We interrupt this blog’s planned programming on World War I Era research for some current photos of Boston. Staying in the Back Bay last weekend prompted a walk in the area, and I couldn’t pass up sharing it with you.
Our good fortune was that the hotel was near so many historic pieces of architecture. I hadn’t realized that, in addition to the Old North Church from which Paul Revere saw the light, there is an Old South Church. Begun in 1669 when Massachusetts was still the Bay Colony, it was this body, though at an earlier location on Milk Street, where Benjamin Franklin was baptized, the Sons of Liberty planned their tea party, and notable members (including poet Phillis Wheatley and the judge who presided over the Salem Witch Trials) attended.
Berkely, Clarendon, Dartmouth, Exeter, Fairfield…parallel streets are flagged by Yankee names in alphabetical order, close to famous Commonwealth Avenue.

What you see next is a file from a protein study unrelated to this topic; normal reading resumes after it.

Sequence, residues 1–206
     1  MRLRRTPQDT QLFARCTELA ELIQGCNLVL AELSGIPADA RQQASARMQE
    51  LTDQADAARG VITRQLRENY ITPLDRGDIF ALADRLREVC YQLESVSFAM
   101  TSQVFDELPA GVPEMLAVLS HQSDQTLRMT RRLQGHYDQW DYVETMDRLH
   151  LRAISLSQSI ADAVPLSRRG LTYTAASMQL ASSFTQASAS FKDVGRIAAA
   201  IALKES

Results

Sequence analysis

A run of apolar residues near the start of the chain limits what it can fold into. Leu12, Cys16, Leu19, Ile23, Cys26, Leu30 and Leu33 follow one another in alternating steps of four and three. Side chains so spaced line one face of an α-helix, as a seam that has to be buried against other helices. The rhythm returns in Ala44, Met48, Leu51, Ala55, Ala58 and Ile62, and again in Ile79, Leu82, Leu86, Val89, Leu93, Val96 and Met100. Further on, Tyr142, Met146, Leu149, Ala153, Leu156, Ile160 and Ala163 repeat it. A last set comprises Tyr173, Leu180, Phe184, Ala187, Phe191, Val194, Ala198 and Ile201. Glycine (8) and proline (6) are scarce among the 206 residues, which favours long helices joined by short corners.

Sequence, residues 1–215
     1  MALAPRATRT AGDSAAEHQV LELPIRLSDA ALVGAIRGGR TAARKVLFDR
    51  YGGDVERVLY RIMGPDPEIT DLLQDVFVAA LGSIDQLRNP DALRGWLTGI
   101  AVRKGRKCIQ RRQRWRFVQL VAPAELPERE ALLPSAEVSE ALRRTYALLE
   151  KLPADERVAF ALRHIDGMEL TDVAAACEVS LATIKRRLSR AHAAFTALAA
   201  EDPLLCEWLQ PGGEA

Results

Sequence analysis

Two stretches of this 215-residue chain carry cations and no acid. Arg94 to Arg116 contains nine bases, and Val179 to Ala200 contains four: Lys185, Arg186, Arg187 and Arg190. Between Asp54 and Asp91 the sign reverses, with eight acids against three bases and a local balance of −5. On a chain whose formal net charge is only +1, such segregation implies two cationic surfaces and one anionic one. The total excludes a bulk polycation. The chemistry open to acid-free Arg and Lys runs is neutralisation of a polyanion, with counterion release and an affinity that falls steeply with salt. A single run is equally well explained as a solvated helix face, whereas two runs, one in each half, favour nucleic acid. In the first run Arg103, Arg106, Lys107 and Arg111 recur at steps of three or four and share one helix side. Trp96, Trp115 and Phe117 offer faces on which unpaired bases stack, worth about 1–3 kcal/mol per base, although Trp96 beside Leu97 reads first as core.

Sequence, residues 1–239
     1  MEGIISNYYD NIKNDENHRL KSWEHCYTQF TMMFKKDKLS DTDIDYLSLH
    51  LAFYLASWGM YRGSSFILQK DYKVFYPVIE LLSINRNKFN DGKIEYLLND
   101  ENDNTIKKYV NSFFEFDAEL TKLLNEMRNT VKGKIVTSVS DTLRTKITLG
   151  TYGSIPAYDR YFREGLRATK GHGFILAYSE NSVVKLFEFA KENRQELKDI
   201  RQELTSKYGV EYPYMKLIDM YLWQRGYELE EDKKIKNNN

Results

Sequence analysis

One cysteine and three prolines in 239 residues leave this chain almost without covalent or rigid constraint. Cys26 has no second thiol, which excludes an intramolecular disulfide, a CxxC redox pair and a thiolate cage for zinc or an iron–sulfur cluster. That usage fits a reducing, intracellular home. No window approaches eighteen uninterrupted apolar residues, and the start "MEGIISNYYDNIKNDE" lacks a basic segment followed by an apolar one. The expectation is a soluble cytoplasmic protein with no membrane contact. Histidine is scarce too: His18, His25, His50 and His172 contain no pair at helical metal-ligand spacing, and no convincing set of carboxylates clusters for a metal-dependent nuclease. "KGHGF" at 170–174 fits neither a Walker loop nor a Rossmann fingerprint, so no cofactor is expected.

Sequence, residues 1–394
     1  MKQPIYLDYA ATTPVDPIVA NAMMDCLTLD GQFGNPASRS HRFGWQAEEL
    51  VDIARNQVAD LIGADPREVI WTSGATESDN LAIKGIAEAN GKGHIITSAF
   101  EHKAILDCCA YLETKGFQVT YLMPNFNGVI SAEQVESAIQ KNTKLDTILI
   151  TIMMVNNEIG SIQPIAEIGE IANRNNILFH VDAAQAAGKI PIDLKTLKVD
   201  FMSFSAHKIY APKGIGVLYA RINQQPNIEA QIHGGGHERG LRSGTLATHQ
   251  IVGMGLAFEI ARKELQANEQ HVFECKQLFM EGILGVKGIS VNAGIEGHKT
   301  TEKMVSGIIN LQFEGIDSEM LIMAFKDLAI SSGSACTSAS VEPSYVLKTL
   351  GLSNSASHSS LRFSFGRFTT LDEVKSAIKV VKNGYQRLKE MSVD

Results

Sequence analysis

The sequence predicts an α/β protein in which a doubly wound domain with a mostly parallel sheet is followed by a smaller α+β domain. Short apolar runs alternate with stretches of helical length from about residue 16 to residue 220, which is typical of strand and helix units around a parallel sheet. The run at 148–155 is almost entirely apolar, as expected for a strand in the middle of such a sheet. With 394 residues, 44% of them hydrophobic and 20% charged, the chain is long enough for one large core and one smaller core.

This photo and next by Amy Griffin
Townhouses with charming gardens in front are separated by grass, flowers, and benches in the median of the street.
This statue in the Boston Public Gardens is something which visitors, joggers, and neighbors walking their dogs enjoy on a Sunday afternoon (it was only three months ago that the last snow from the city melted). There is a special section here in memory of September 11 victims.
Fall flowers drape a church entry; a few blocks away the Boston Public Library is undergoing an expansion. You will see some special exhibits we found waiting for us inside that beautiful building, next time, right here.